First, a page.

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sensors

Cecília Roque, head of the Biomolecular Engineering Lab at UCIBIO-FCT NOVA, has just published a new research publication that reports the development of a new class of environmentally-friendly gas sensing materials made of suberin from cork and a nematic liquid crystal. This research work, published in Materials Today Bio Journal, resulted from a collaboration between Cecília Roque and Cristina Silva Pereira from ITQB NOVA, both funded by ERC grants at Universidade NOVA de Lisboa.

 

When we smell, volatile compounds bind to specialized olfactory proteins that we have in the nose, which triggers electrical signals that are sent to the brain. Electronic noses are intelligent gas sensing devices used in artificial olfaction that mimic the sense of smell, mirroring the biological orchestra of olfactory proteins and the intricate brain computing processes used in odor recognition, by a combination of chemical sensors and artificial intelligence. Through the combination of suberin polymers and liquid crystals such as those found on mobile phone LCDs, it was possible to create materials that can respond to various odors.

 

Suberin, a biopolyester, is present in plant cell walls, acting as a protective layer against pathogens and external physical aggressions found in specialized plant cell walls, for example in cork, potato skin or tomato skin. The research team at ITQB NOVA clarified the 3D structure and discovered determining characteristics of this green polymer, such as its ability to have antibacterial action. “This molecule has characteristics that make it unique and versatile in the development of alternative materials, for example the synthesis of bioplastics. Its use in olfactory sensors was made possible through the collaboration with Cecília Roque's team”, explains Cristina Silva Pereira.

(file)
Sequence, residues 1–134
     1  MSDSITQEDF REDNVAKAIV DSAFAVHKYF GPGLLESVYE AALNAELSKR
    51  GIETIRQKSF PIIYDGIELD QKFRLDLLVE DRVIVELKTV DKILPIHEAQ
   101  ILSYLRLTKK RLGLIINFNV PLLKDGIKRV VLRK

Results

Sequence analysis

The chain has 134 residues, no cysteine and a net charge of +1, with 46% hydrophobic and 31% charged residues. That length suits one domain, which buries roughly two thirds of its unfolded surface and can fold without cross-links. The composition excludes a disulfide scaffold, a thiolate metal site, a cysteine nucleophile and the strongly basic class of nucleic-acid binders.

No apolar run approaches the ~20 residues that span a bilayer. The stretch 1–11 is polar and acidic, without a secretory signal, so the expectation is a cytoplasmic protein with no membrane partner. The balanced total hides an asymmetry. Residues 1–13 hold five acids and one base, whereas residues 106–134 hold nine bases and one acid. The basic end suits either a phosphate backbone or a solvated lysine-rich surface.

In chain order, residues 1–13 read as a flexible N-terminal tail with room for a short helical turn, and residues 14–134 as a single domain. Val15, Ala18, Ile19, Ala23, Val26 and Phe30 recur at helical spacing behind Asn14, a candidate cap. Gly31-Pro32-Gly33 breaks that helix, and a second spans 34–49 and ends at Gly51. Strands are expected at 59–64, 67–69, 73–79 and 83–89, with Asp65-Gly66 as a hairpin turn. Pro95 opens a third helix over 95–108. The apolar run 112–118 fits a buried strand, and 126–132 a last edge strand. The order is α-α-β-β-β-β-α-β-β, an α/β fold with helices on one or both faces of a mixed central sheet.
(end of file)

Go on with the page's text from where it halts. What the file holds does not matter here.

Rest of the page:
Cecília Roque and her research team have introduced a new concept of environmentally-friendly gas sensors based on biobased materials, such as gelatin, in combination with liquid crystals. The Biomolecular Engineering Lab also developed a prototype of an electronic nose that collects and processes the signals obtained, through artificial intelligence algorithms. When the system is exposed to an unknown sample, it can accurately identify the odor. “Our goal is to design smart functional materials that are also sustainable. The collaboration with Cristina Silva Pereira’s lab was great, because together we had the idea of using cork as a new source of gas sensors”, says Cecília Roque.

 

Thus, the new electronic noses open up the way for the new generation of environmentally friendly and low-cost chemical detection materials, which can be a promising alternative in the near future.

 

Graphical abstract

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Original article:

Sustainable plant polyesters as substrates for optical gas sensors

Rúben Rodrigues, Susana I. C. J. Palma, Vanessa G. Correia, Inês Padrão, Joana Pais, Marta Banza, Cláudia Alves, Jonas Deuermeier, Celso Martins, Henrique M. A. Costa, Efthymia Ramou, Cristina Silva Pereira, Ana Cecília A. Roque

Materials Today Bio, DOI: 10.1016/j.mtbio.2020.100083

 

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